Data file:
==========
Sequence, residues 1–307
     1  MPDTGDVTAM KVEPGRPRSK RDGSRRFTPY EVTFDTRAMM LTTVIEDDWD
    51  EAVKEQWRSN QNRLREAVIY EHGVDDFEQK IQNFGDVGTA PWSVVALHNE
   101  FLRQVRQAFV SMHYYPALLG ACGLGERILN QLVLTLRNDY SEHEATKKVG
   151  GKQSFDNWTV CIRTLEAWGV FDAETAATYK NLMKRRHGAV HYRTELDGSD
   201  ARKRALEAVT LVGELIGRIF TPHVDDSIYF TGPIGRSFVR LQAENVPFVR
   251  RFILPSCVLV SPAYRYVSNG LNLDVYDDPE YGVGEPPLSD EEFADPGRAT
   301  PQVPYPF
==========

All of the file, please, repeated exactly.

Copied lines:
Sequence, residues 1–307
     1  MPDTGDVTAM KVEPGRPRSK RDGSRRFTPY EVTFDTRAMM LTTVIEDDWD
    51  EAVKEQWRSN QNRLREAVIY EHGVDDFEQK IQNFGDVGTA PWSVVALHNE
   101  FLRQVRQAFV SMHYYPALLG ACGLGERILN QLVLTLRNDY SEHEATKKVG
   151  GKQSFDNWTV CIRTLEAWGV FDAETAATYK NLMKRRHGAV HYRTELDGSD
   201  ARKRALEAVT LVGELIGRIF TPHVDDSIYF TGPIGRSFVR LQAENVPFVR
   251  RFILPSCVLV SPAYRYVSNG LNLDVYDDPE YGVGEPPLSD EEFADPGRAT
   301  PQVPYPF